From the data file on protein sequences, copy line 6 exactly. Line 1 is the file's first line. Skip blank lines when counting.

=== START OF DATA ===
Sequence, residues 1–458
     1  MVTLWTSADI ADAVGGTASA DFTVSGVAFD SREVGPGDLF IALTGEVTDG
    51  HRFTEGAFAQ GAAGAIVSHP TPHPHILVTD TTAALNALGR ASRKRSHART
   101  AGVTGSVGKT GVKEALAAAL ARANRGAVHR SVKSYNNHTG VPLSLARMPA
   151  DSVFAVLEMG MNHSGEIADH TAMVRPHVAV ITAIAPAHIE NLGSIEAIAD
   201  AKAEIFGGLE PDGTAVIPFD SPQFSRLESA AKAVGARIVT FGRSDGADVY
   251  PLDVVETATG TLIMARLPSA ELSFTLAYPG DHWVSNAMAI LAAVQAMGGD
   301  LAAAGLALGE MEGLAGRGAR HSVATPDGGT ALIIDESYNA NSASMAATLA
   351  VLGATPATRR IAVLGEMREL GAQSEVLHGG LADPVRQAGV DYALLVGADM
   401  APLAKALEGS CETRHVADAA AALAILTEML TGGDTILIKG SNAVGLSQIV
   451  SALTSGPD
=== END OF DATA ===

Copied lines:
   201  AKAEIFGGLE PDGTAVIPFD SPQFSRLESA AKAVGARIVT FGRSDGADVY